Tuesday, December 23, 2008

Rate 08: This year just gone: April 2008

Keith Richards had trouble making an autobiography from the few scraps of his life he could remember. As if drugs aren't bad enough, the Daily Mail found rap songs mentioned them. Everyone else got upset by Mark E Smith claiming to kill red squirrels, but not so upset as they were by naked pictures of Miley Cyrus. So upset the papers had to keep running them, again and again.

Heathrow's Terminal Five opened and celebrated by losing everyone's bags and Calvin Harris' new album, supposedly. Lily Allen left the Orange Book Prize judging panel while H From Steps tried to get a judge thrown off the circuit, although not quickly enough to save Pete Doherty from going back inside. Where - if you believe Gordon Smart - Doherty 'turned to Islam'. Mitch Winehouse wanted Amy sectioned.

Although they weren't blaming Jay-Z, Glastonbury had so many tickets unsold it had to reopen ticket registration. Also in difficulties was Bez, bankrupt again. Who was to blame for the fuss over Bryan Ferry and his admiration for aspects of Nazi aesthetics? Why, political correctness, of course. As angry as Ferry was Pete Wentz - why, he thundered does everyone start thinking Ashlee Simpson is pregnant just because they got married? It's a witchunt. (Ashlee gave birth in the middle of November.)

A new direction for the NME started with, erm, a Coldplay giveaway. And a tussle with Morrissey, who seemed to imply that the paper had yanked sponsorship from an anti-racism gig.

Carphone Warehouse told the BPI it wouldn't be the music industry's policeman so the music industry tried to ban second hand dealers selling promos instead. Oh, and to stop Shirley Manson from releasing her solo debut.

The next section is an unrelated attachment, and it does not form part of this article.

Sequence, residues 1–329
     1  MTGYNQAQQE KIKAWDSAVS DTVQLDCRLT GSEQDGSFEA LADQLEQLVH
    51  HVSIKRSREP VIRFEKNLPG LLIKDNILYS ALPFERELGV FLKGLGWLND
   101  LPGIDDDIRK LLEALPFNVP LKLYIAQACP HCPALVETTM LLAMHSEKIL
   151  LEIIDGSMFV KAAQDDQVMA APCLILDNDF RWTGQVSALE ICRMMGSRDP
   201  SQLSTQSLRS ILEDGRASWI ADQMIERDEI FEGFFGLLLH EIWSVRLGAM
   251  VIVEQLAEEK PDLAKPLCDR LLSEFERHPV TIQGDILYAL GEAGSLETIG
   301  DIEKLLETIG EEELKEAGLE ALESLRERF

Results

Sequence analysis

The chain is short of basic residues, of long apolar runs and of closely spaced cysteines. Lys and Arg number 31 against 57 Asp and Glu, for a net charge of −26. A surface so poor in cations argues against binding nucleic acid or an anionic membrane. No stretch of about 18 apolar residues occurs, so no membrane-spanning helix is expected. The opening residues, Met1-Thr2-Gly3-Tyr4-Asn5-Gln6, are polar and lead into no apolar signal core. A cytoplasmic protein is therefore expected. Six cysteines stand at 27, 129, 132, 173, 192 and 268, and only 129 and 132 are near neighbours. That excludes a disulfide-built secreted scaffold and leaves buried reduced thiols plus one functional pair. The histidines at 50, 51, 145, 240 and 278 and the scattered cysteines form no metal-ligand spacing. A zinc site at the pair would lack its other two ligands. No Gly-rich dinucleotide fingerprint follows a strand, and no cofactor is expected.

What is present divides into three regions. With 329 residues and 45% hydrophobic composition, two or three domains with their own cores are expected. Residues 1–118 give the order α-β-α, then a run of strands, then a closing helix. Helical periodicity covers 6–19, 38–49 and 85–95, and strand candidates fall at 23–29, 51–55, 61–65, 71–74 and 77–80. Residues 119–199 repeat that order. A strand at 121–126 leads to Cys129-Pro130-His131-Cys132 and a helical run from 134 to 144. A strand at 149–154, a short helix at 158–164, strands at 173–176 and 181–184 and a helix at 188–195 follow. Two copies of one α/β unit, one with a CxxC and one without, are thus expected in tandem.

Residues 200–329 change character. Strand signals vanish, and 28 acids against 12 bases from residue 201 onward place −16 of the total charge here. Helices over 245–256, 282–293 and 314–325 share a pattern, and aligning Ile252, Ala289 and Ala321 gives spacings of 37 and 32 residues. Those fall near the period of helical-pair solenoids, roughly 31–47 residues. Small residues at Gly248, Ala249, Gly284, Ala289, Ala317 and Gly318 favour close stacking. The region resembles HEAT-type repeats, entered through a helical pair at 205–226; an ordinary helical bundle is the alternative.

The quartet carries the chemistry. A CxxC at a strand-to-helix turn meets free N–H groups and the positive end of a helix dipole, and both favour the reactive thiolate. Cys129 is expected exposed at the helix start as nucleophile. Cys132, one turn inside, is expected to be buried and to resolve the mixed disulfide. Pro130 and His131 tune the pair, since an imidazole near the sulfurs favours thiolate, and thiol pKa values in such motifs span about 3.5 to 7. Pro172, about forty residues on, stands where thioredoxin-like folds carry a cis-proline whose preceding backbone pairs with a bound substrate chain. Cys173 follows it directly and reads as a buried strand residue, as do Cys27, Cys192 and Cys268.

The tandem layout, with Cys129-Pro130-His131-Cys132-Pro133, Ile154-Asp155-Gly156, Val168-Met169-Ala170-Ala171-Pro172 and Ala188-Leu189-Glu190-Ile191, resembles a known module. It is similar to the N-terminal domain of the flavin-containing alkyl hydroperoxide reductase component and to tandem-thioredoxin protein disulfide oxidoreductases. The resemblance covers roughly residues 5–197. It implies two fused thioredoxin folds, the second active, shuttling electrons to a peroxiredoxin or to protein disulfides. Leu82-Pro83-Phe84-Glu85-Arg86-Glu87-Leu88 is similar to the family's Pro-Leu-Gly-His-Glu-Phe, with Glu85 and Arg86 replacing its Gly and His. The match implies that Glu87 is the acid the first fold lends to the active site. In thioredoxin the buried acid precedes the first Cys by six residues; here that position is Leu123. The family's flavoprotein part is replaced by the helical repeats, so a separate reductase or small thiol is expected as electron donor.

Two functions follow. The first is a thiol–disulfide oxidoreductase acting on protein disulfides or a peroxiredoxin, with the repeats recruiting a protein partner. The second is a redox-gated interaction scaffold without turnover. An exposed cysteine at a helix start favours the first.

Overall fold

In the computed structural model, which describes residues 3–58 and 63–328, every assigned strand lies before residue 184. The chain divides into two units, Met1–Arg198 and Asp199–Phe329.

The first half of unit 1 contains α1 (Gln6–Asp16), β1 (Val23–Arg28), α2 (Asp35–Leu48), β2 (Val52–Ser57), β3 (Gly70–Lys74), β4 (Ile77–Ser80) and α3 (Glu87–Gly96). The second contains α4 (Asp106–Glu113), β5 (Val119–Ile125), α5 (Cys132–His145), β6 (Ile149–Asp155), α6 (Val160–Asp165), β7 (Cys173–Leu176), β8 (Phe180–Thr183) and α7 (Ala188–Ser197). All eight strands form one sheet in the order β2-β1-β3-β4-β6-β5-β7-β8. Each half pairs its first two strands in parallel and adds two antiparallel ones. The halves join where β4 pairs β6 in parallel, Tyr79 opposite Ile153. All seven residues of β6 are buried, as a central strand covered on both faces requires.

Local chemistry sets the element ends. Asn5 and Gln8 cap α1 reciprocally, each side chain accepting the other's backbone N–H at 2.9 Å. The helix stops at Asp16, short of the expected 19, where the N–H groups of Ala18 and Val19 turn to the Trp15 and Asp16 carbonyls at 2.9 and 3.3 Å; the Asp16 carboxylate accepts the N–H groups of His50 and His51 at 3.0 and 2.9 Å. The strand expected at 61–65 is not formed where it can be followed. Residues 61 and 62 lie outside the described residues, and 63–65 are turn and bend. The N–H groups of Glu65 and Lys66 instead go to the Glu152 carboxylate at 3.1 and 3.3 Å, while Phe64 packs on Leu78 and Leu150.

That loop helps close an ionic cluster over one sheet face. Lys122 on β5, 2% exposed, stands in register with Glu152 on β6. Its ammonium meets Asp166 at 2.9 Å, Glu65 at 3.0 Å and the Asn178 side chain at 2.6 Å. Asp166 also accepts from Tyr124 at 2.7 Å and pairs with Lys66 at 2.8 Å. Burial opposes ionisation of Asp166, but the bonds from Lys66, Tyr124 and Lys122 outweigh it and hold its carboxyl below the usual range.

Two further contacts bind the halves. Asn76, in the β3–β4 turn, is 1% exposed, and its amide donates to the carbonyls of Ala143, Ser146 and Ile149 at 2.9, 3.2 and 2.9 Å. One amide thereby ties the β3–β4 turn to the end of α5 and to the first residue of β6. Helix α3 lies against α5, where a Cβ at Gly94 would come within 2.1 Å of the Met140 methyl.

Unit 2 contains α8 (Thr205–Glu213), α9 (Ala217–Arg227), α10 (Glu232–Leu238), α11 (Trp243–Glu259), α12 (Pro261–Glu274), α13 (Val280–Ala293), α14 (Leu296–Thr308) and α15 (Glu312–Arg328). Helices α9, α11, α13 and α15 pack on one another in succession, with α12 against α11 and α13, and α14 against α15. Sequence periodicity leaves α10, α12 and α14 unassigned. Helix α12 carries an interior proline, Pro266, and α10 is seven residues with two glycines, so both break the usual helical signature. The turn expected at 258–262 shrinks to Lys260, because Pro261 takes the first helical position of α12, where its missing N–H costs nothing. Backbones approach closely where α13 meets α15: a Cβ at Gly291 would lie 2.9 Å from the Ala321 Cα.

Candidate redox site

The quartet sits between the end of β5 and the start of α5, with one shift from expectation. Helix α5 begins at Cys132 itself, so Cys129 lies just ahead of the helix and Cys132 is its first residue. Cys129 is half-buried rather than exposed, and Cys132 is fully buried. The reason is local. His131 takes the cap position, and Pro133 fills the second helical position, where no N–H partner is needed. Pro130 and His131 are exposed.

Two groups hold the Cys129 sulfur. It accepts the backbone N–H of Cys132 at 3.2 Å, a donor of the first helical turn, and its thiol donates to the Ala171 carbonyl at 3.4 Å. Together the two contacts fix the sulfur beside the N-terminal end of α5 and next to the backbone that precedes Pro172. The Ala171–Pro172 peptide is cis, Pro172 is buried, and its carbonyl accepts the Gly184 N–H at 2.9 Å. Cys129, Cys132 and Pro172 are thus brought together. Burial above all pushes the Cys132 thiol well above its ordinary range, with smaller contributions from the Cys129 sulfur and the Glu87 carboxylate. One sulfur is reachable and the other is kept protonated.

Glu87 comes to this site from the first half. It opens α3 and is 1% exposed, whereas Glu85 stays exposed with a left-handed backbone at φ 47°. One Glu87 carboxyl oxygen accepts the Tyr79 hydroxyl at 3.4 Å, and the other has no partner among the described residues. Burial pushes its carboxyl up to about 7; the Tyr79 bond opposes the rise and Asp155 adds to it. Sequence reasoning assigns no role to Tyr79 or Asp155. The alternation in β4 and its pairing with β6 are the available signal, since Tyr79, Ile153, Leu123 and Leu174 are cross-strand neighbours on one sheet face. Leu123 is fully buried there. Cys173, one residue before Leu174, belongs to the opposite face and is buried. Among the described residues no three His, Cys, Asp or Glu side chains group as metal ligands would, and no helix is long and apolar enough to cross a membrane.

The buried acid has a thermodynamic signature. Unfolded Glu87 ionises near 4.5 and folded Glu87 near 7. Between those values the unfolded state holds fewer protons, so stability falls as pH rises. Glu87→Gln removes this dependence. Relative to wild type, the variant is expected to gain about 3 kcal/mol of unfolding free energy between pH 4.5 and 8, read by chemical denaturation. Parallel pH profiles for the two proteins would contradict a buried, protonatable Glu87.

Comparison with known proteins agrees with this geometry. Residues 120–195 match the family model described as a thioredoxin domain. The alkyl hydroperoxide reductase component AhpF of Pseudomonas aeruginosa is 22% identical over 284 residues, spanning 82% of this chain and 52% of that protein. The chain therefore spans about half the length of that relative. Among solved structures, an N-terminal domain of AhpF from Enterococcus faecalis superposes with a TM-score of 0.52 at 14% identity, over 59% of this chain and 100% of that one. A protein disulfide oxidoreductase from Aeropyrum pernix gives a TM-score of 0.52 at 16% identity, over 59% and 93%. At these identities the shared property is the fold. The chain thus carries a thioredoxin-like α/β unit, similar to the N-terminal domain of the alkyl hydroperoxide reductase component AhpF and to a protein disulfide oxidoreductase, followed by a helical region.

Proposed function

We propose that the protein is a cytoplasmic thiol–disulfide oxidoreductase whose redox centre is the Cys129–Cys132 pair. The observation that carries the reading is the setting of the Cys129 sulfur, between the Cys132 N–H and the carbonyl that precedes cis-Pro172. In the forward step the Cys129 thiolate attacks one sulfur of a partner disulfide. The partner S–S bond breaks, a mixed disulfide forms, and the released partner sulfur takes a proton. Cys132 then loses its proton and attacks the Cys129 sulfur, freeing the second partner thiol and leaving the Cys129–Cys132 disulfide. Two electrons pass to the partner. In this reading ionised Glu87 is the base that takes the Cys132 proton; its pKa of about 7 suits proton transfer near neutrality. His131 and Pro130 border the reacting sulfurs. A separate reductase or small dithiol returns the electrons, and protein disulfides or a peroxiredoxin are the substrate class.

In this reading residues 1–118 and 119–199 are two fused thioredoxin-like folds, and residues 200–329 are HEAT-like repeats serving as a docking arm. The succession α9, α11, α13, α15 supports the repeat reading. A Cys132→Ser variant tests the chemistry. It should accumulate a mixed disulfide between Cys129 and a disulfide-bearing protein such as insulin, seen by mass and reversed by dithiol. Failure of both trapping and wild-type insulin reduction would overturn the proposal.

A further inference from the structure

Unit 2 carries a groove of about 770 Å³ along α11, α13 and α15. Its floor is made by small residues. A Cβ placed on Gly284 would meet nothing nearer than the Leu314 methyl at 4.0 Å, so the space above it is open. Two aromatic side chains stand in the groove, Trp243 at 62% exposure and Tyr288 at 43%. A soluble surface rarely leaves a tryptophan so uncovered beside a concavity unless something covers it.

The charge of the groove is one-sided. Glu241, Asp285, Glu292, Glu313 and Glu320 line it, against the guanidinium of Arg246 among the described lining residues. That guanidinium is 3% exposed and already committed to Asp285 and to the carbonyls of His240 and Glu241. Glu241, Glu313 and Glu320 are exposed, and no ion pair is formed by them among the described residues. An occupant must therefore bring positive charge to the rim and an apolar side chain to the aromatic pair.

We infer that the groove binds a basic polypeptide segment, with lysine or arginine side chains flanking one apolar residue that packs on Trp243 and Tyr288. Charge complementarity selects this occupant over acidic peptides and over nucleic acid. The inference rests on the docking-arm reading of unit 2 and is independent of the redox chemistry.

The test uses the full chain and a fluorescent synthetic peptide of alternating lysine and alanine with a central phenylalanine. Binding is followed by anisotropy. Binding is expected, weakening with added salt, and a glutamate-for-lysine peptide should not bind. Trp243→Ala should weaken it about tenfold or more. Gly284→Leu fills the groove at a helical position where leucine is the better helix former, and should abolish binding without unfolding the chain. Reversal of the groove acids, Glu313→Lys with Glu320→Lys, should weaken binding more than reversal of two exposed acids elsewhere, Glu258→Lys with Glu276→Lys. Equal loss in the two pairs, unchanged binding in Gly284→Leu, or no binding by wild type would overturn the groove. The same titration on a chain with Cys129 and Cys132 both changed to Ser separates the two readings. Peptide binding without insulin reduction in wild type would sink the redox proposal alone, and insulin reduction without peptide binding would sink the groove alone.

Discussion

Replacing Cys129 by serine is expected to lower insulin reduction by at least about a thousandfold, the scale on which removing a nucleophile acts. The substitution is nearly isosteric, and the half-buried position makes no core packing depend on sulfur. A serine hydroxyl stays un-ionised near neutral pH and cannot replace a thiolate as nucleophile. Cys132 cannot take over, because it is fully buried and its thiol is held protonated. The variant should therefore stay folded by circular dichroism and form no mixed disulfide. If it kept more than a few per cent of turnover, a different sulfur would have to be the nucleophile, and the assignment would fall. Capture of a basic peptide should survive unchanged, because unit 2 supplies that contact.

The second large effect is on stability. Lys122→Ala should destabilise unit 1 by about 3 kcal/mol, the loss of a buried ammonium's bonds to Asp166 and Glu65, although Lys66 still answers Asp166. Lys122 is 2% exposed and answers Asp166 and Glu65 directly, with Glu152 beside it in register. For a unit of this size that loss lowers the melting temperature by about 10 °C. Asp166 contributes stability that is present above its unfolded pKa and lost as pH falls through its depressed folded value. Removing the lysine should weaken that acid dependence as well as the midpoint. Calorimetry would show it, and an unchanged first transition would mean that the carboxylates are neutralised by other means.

As Subpop turned 20, Captains Of Industry stopped putting out records, perhaps in response to the release of Chanelle off Big Brother's debut single.

New Kids On The Block declared their reunion 'better than Christmas'. Boyzone came back, only this time they were going to be sexier, they threatened. Lloyd Grossman had no need to sex up Jet Brox's return. The Specials decided to see if they could still play before committing to a reunion. Phil Collins retired, or so he promised.

Madonna and Guy Ritchie apparently took their Blackberries to bed, thereby turning a communications device into a communications breakdown. Heather Mills paid the price for taking on Paul McCartney - Yoko Ono wanted to be her friend. Liverpool discovered the fear of Yoko's embrace, too. At least that didn't cost them as much as the tax payer's cash poured into propping up Macca At Anfield.

Ofcom scolded the BBC for letting Snoop Dogg swear during Live Earth, despite Jonathan Ross' attempts to apologise. If Jonathan Ross can't keep a broadcast on the straight and narrow, what hope is there for anyone?

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